In the world of Android-connected professionals, we tend to see two different types of people: those who design or develop for the platform, and those who observe and write about it.
Liam Spradlin is a rare case of someone who falls equally into both categories.
If you're an Android enthusiast, you've probably seen Spradlin's work -- whether you realize it or not. He writes all sorts of stuff for famed Android blog Android Police, including the meticulously researched "Stock Android Isn't Perfect" analyses. And he spends just as much time doing design work for fan-favorite Android apps like Nova Launcher (where he was responsible for the app's recent Material Design overhaul) and Today Calendar (where he reimagined much of the app's visual interface).
So how does a guy who straddles so many different sides of Android use the platform himself? Time to find out.
In his own words, this is how Liam Spradlin uses Android.
Your current primary phone: Right now, I'm switching back and forth between the Nexus 6 and Moto X. I got used to the enormous size of the N6 pretty quickly, but the smaller Moto X with a bamboo back is nice, too. They both have the advantage of a stock (or near-stock) Android experience and front-facing speakers.
What case is on your phone (if any): No case for me. I almost never use a case (except the cases I've reviewed in the past). I want to see all of a device's industrial design without any added bulk.
Your current tablet (if any): That's the Nexus 9 right now. The N9 definitely has its quirks, but I like its 4:3 aspect ratio, the front-facing speakers, the awesome origami cover from Google (does this count as a case?), and the dream that one day it will have some sort of sensible multi-window functionality.
Your current smartwatch (if any): When I wear a smartwatch, it's the Moto 360, but I'm really waiting on the Huawei Watch or some other beautiful, second-gen Wear device. The 360 is one of the nicest looking Android Wear devices so far, but it definitely has its own problems, so I'm interested to see what comes next.
What face you're using on your watch right now: Spotlight is my go-to watch face. It's a simple and interesting idea that's executed really well. I've tried tons of watch faces, but ultimately, I come back to this one.
The home screen
A quick walk-through of your phone's home screen setup: I have three home screens, and two of them are empty. I do this because I like to have a symmetrical set of dots above the dock.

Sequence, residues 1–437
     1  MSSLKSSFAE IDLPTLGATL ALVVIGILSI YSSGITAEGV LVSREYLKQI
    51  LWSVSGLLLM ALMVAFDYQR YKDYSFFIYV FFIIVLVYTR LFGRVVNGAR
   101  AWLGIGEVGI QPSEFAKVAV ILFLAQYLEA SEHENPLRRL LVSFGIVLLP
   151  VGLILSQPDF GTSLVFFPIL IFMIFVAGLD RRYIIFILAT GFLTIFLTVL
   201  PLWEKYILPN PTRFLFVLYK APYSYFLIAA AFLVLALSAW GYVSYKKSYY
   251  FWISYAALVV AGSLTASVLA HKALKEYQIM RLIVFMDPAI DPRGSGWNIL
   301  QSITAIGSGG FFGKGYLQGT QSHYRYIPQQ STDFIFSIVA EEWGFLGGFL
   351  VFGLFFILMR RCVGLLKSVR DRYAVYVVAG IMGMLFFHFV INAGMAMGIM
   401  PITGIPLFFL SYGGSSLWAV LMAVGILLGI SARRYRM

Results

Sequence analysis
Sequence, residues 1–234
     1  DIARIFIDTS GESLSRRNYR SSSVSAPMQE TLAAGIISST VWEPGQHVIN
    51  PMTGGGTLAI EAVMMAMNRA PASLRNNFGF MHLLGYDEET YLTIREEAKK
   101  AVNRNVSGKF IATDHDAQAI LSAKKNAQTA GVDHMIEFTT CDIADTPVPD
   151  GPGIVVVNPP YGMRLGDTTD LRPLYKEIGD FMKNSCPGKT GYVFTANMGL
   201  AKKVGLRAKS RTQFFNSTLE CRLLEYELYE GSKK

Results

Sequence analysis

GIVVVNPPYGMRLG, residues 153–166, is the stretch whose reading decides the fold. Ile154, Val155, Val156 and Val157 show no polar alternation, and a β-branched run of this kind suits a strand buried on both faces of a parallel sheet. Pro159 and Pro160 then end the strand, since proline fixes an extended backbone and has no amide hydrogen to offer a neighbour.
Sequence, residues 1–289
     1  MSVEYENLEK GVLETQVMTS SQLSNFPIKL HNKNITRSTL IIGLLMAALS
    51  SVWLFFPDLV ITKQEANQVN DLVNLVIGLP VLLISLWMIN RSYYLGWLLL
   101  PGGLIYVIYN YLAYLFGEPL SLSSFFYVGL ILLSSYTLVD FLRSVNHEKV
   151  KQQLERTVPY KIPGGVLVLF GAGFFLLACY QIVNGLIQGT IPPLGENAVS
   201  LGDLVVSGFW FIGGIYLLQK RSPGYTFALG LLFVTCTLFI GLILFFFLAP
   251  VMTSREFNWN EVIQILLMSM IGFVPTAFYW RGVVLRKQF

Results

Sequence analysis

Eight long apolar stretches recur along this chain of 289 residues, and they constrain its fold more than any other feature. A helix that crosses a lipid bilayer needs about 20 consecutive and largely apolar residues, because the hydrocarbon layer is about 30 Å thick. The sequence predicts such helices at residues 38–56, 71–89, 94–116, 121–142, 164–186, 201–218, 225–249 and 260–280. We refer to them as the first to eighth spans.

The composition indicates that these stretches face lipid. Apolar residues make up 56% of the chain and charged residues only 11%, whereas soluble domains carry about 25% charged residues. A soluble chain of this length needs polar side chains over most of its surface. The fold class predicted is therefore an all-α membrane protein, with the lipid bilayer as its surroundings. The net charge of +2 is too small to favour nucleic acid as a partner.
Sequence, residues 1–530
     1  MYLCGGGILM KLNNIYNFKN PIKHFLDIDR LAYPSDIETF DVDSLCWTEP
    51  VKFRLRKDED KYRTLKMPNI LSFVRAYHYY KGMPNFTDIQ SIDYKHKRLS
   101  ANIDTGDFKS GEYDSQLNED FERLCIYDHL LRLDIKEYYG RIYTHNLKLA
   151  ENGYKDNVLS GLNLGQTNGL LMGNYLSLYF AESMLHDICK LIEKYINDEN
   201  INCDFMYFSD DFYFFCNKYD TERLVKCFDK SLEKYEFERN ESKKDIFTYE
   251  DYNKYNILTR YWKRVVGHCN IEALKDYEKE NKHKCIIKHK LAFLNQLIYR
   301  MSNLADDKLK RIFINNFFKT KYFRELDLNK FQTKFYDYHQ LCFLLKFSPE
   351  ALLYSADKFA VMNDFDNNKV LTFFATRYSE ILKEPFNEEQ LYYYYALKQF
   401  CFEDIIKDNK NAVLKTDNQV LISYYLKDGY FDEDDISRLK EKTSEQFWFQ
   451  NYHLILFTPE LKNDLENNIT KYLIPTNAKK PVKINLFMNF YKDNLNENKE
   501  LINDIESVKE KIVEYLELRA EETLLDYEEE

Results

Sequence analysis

But the one home screen I actually do use has a pretty standard setup:
- A Google folder, pared down to Play Store, Play Music, Google+, Maps, Newsstand, and Keep.
- Sync Pro for Reddit.
- Inbox (now that Apps support has arrived, I've left the Gmail app behind).
- A "Team Talk" folder for collaboration apps (with Hipchat, Slack, and Dropbox).
- A "Projects" folder, where I keep apps that I'm working on. That one right now contains Focus, TeslaUnread, Nova Settings, Today Calendar, Feed Me, AllCast, and a few others.
What launcher you're using: I'm using Nova Launcher, of course!
I like Nova because it allows users to stay close or get far away from the stock Google experience based on their preferences. For me, the ideal setup is pretty close to stock with a few tweaks, but the options are there when I want them.
Plus, there are a few imperfections in the stock design that we were able to fix in Nova (like the folder background assets), and there are plenty of other awesome things yet to come.
What wallpaper you're using: My wallpaper is one I made myself, as part of a series of explorations using actual paper in digital illustration.
Basically, I got a ton of different paper materials, digitized them, laid them out, and added things like edges and shadows.
I posted a tutorial and download links on my personal blog.
Anything else of note (interesting customizations, special icons, etc): I've switched a couple of icons around using Nova, but so far, that's about it. I used to be much more into flashing between different ROMs and really testing things out, but these days, stock Android (and Moto's near-stock experience) are good enough that, personally, I don't really feel a need to do much tinkering.
Beyond the obvious stock Google programs, a few apps you can't live without right now (and a quick word about why): The selection of apps I use on a day-to-day basis is actually fairly minimal, but there are a few that might be worth pointing out. Of course, I use all the apps I've worked on, with Focus being the latest. It's a gallery app with a handy tagging system.
Besides the apps I've helped out with, I am a big fan of Weather Timeline. It has a really well-designed interface and great widgets.
Markers (by Dan Sandler) is another app that I always install on every device. It's just a fun app for idly doodling.
I've also been playing with Monospace, an app Jack Underwood is working on. It's still in beta, but Monospace is an absolutely minimal writing app with useful things like tagging, text formatting, and Dropbox integration. Plus, it makes use of Google's new Roboto Mono fonts.
Then there are a few more esoteric apps that I use for design work. One of them is Palette Helper, which accepts images from your device and provides values from the Palette API. You can even copy the resulting values to your clipboard for quick sharing. Incidentally, I fed my current wallpaper through Palette Helper to get the custom color for my Weather Timeline widget.
Another app is Clean Status Bar, which basically puts a (customized) status bar over your normal status bar so you can take clean screenshots for use in the Play Store or wherever. It even supports the new status bar "light mode" for Android M.
Check out more Android expert profiles below or in the official Google+ collection -- and stay tuned for even more entries in the weeks to come!